Open field system
Overview
 
The open field system was the prevalent agricultural system in much of Europe
Europe
Europe is, by convention, one of the world's seven continents. Comprising the westernmost peninsula of Eurasia, Europe is generally 'divided' from Asia to its east by the watershed divides of the Ural and Caucasus Mountains, the Ural River, the Caspian and Black Seas, and the waterways connecting...

 from the Middle Ages
Middle Ages
The Middle Ages is a periodization of European history from the 5th century to the 15th century. The Middle Ages follows the fall of the Western Roman Empire in 476 and precedes the Early Modern Era. It is the middle period of a three-period division of Western history: Classic, Medieval and Modern...

 to as recently as the 20th century in some places, particularly Russia
Russia
Russia or , officially known as both Russia and the Russian Federation , is a country in northern Eurasia. It is a federal semi-presidential republic, comprising 83 federal subjects...

 and Iran
Iran
Iran , officially the Islamic Republic of Iran , is a country in Southern and Western Asia. The name "Iran" has been in use natively since the Sassanian era and came into use internationally in 1935, before which the country was known to the Western world as Persia...

. Under this system, each manor
Manor
-Land tenure:*Manor, an estate in land of the mediaeval era in England*Manorialism, a system of land tenure and organization of the rural economy and society in parts of medieval Europe based on the manor*Manor house, the principal house of a manor...

 or village had several very large fields, farmed in strips by individual families. From the 12th century onwards open fields were gradually replaced by private fields through various reforms in agricultural technology and local government.
Open fields appear to have developed in the medieval period, and were particularly well suited to the very heavy plough
Plough
The plough or plow is a tool used in farming for initial cultivation of soil in preparation for sowing seed or planting. It has been a basic instrument for most of recorded history, and represents one of the major advances in agriculture...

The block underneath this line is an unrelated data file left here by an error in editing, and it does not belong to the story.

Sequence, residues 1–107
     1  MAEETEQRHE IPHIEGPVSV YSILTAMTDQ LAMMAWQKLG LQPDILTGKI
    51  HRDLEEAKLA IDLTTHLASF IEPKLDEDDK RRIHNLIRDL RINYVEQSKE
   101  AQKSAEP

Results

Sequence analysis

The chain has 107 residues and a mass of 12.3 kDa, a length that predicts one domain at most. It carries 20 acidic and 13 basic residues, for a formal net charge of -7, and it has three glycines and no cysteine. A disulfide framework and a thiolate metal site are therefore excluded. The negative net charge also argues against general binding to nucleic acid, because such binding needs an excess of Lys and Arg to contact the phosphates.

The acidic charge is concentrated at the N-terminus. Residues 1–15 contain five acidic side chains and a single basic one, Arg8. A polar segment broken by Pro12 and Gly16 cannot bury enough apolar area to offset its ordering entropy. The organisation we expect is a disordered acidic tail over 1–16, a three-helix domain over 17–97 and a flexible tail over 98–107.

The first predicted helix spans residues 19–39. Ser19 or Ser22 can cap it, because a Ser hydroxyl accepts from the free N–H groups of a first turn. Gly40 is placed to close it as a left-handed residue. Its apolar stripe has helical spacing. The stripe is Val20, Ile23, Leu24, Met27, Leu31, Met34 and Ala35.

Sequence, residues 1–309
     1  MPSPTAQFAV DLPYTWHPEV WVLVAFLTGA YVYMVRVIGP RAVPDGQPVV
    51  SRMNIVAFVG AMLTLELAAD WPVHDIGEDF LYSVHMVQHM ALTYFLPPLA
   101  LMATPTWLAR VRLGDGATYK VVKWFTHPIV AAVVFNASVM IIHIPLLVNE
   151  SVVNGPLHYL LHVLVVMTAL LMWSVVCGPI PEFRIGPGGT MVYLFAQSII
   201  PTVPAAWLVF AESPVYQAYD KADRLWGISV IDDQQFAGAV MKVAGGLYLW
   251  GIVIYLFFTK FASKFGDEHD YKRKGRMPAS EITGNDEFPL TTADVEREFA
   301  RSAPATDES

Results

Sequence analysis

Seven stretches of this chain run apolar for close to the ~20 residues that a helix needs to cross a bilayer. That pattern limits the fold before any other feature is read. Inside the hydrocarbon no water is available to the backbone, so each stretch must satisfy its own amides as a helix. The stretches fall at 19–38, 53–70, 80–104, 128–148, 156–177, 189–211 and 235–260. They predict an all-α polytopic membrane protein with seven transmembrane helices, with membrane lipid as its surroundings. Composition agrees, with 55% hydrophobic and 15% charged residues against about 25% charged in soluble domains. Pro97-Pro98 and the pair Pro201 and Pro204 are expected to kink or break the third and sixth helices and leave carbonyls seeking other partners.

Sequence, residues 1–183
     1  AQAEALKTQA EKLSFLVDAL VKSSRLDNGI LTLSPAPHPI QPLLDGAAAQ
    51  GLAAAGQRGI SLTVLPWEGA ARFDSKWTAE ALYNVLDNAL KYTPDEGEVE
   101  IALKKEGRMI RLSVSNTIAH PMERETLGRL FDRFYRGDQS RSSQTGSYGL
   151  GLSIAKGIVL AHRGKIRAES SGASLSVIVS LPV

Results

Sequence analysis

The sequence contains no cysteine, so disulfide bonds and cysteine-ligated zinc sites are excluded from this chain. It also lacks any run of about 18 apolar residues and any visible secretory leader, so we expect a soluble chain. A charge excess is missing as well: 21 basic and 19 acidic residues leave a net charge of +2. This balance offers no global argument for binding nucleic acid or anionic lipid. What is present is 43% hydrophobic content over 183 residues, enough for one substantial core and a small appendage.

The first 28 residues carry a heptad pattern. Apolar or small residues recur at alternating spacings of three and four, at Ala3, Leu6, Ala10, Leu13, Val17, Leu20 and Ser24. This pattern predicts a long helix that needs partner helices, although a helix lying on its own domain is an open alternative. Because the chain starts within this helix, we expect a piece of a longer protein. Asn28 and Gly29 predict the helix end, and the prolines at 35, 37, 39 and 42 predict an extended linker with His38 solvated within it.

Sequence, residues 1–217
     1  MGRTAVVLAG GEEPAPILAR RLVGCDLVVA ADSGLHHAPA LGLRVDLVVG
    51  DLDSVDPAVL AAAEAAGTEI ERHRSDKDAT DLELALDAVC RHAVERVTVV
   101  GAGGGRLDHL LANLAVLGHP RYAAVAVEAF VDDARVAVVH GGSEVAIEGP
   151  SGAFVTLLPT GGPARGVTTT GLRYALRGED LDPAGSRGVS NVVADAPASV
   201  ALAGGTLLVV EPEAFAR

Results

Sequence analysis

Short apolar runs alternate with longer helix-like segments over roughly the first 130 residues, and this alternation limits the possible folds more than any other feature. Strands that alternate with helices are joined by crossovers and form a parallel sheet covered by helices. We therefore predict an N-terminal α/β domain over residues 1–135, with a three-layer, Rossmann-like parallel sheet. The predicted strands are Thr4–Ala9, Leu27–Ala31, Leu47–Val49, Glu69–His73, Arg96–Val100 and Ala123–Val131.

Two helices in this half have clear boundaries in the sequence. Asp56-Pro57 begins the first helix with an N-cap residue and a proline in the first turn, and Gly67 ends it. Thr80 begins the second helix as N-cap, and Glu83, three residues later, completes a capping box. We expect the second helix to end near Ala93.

s that were used to cut through the heavy clay soils common in north-western Europe.
Encyclopedia
The open field system was the prevalent agricultural system in much of Europe
Europe
Europe is, by convention, one of the world's seven continents. Comprising the westernmost peninsula of Eurasia, Europe is generally 'divided' from Asia to its east by the watershed divides of the Ural and Caucasus Mountains, the Ural River, the Caspian and Black Seas, and the waterways connecting...

 from the Middle Ages
Middle Ages
The Middle Ages is a periodization of European history from the 5th century to the 15th century. The Middle Ages follows the fall of the Western Roman Empire in 476 and precedes the Early Modern Era. It is the middle period of a three-period division of Western history: Classic, Medieval and Modern...

 to as recently as the 20th century in some places, particularly Russia
Russia
Russia or , officially known as both Russia and the Russian Federation , is a country in northern Eurasia. It is a federal semi-presidential republic, comprising 83 federal subjects...

 and Iran
Iran
Iran , officially the Islamic Republic of Iran , is a country in Southern and Western Asia. The name "Iran" has been in use natively since the Sassanian era and came into use internationally in 1935, before which the country was known to the Western world as Persia...